Moreover, a pharmacological sedation requires the presence of the anesthesiologist, with considerable management problems. This is the reason why, from November 2017, we have included in our “MRI protocol” the use of a solution with melatonin-tryptophan-vitamin B6 to improve sedation during MRI execution. Melatonin has been administered in children for some years as a sleep inducing agent in neurophysiological and neuroimaging procedures like EEG, ABR, and MRI. All the studies were conducted in children over 1 year of age.

To our knowledge only few investigations have been done to evaluate children performing instrumental assessment with the same solution we tested in our study. It has been used in 294 children (average age 29.8 months) who underwent ABR. Three different dosages were tested: two different administration timings (pre-treatment and single shot treatment) and three dosages (0.5 ml, corresponding to 1 mg of melatonin, in pre-treatment, 1.5 ml, corresponding to 3 mg of melatonin, in pre-treatment, and 3 ml, corresponding to 6 mg of melatonin in single shot). The authors found a more rapid induction of sleep using pre-medication with 1.5 ml solution (3 mg of melatonin), with a reduction in the duration of the exam [19, 20].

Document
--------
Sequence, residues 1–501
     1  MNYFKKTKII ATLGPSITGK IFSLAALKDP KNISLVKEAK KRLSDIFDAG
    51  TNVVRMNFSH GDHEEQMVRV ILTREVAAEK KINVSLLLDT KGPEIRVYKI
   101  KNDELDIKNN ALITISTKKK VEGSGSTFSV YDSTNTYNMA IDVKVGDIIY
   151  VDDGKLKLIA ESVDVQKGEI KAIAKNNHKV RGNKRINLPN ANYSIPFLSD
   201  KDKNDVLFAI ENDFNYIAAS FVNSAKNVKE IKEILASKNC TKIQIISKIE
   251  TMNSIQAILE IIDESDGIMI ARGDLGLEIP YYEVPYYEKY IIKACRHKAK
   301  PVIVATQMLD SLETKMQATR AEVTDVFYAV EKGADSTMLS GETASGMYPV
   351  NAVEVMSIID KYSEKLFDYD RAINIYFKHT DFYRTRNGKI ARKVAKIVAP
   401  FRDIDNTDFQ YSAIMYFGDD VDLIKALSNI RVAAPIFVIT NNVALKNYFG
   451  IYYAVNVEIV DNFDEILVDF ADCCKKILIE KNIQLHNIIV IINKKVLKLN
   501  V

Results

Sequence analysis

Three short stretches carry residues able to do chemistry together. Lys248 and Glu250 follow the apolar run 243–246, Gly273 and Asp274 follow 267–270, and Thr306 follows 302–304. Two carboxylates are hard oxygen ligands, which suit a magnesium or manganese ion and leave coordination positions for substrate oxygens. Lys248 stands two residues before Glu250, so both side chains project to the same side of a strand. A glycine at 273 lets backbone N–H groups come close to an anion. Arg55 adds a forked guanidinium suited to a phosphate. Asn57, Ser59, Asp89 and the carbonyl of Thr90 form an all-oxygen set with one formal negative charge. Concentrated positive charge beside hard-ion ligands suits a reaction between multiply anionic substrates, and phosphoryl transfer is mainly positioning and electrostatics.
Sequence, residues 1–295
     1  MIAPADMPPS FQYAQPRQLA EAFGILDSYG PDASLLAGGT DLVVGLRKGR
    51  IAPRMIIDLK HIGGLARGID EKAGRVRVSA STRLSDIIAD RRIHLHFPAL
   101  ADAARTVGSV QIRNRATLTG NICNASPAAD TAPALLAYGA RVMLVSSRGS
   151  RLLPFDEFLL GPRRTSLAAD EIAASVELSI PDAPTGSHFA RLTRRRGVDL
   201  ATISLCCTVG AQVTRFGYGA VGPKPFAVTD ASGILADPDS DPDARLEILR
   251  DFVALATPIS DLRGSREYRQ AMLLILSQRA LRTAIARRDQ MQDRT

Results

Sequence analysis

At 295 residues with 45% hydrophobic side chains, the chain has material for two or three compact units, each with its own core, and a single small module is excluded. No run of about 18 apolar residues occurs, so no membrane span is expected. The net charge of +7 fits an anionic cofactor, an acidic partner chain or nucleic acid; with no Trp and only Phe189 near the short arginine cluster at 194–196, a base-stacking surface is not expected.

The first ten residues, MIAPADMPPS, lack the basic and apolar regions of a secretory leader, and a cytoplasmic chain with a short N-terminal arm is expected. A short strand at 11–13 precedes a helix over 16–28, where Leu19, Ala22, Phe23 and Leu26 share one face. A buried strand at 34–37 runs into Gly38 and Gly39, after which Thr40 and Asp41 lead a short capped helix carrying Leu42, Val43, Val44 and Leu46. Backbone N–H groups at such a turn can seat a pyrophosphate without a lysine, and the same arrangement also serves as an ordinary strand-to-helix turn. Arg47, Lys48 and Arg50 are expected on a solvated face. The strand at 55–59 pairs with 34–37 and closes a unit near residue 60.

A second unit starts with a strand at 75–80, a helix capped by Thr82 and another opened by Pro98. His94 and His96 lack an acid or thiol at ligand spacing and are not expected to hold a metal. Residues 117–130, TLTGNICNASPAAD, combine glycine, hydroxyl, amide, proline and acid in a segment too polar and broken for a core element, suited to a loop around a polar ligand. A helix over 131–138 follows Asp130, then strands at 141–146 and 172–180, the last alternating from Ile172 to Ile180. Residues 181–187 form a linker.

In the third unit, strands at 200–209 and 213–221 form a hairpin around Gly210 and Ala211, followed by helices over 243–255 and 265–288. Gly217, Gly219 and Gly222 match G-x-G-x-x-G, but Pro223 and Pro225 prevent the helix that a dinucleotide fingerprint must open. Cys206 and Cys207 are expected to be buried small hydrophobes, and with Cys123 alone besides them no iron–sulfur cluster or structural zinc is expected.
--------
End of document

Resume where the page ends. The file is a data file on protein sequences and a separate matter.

Our study shows that an oral solution of melatonin-tryptophan-vitamin B6 is a useful sedative to properly perform brain MRI in infants. The administration of 2–4 mg of melatonin with tryptophan and vitamin B6, on average 25 min before the examination, allowed in all the patients to perform the examination correctly and quickly. Even if there are no significant differences in the timing of starting and ending the brain MRI, the higher dose necessary in the patient with higher weight, could suggest the need to establish a minimum and maximum dose per Kg in neonates. In our experience the average dose pro kg of melatonin to get sleep was of 0,64 ± 0,16 mg/kg in a single dose about 25 min before the exam, with a successful rate (positive quality of MRI) of 89,9% of total patients (98/109).